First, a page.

Sunday, April 12, 2009


Early this afternoon, while Ben hiked with Daisy, I  spent time in the woods drawing these little Bloodroot leaves that are growing along our front path.  They are not close to our big patch by the driveway, so I'm excited to think that they are expanding their territory

In the late afternoon I took a hike with Radu on the bright and breezy pipeline.  Bluets and Cinquefoil are still in bloom out there, but new things are happening too - the Green and Gold down by the creek have sent up big new leaves; Coral Honeysuckle and Carolina Jessamine vines are in bloom and already dropping their old, yet still colorful tubes of petals onto the ground; tall and skinny Toadflax blossoms are up and waved in the breeze.  Along with the good were two things to avoid: big patches of tender, sprouting leaves of Poison Ivy, and the quickly growing hills of fire ants all along the pipeline. 

Tiny Meetinghouse creek was a magical place today.  The creek bed is in a steep little valley that both blocks the wind and holds the afternoon heat, so on a cool and breezy day like today it can be quite still and warm.  Clumps of violets are still in bloom along its banks, while a flock of Spring Azure butterflies sipped from the sandy gravel nearby.  A Mayfly was busy, gently depositing her eggs in the still water behind a natural rocky dam, creating ripples each time she touched the surface.   Then, I heard, PLOOP!"  A frog?  I stood on a culvert recently placed by the pipeline (so they can drive their mowers across) and studied the slowly moving stream.  At first I didn't see anything, then out of the culvert floated a three-inch Green Frog, with one back foot hanging down, the other floating on the surface.  His head and two front feet were also at the water's surface.  I watched his body drift, drift, drift... he moved slowly with the flow until it came to a small stick that had become wedged cross-stream.  I was wondering if he would crawl over it or swim under it... but when he came to the stick he didn't move at all.  In fact, he thumped into it and his legs drifted around and honestly, he looked dead.  Oh dear, I thought. What's wrong? I watched him several minutes - no movement.  But as soon as I took a step toward he water he shot away in a flash to hide in a clump of old leaves.  Ha!  Do frogs "play possum?"  I don't know for sure, but this one seemed to be doing just that.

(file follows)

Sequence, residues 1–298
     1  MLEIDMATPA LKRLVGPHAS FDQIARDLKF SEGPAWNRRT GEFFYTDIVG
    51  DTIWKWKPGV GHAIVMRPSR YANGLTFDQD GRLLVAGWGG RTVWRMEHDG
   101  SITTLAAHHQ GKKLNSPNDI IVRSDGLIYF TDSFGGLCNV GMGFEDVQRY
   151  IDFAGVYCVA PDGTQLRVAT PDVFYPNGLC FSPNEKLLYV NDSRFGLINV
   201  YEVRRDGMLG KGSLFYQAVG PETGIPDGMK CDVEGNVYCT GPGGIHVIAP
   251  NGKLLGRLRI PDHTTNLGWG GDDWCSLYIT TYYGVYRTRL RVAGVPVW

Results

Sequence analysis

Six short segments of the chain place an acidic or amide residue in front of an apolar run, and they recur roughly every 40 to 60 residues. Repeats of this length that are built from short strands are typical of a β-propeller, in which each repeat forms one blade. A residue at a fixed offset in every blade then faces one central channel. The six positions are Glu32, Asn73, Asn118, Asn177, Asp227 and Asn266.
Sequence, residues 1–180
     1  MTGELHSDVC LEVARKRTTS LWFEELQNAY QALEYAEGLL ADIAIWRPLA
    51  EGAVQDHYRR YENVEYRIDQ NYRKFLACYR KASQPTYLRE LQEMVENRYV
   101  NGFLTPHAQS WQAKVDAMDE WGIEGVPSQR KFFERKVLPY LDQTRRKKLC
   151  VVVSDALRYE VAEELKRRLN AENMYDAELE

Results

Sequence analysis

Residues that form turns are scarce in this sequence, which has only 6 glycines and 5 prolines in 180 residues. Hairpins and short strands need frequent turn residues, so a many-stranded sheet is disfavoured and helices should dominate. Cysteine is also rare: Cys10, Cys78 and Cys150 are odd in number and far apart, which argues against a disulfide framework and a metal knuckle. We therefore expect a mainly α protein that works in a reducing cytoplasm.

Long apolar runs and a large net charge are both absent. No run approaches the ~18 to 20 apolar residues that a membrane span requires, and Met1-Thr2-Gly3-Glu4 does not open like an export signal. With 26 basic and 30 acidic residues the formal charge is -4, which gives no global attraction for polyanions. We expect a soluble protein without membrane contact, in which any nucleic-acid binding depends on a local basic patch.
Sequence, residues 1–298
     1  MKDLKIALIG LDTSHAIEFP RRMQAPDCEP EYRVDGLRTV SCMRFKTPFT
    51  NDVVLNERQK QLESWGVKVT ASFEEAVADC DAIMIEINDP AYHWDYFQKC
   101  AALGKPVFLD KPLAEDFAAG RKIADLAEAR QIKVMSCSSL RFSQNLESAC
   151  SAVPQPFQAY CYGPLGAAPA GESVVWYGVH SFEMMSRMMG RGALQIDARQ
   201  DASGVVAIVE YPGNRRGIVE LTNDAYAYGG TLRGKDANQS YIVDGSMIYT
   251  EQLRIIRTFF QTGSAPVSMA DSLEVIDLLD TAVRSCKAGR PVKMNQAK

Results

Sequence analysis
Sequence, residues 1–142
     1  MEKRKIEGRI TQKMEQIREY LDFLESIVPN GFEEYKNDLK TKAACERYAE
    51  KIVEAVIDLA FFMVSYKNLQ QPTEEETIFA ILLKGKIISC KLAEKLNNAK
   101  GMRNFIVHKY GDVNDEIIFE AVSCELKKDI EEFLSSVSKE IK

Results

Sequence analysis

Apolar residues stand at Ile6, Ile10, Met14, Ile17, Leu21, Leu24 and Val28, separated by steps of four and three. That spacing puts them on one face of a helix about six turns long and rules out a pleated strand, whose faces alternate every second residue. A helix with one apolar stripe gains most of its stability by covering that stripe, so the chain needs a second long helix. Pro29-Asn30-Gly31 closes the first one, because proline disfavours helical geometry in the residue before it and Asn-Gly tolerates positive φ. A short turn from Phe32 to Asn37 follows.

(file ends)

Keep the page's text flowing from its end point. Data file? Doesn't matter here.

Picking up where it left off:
Back at home, while I sat on my bench at the top of the hill, facing the steady beach-type wind, I saw a flash of white against the greening trees.  I got up to investigate. It was a Zebra Swallowtail, flitting about in the warm sun.  When I got close he fluttered into the woods and headed down the path toward my house.   I decided to do the same.


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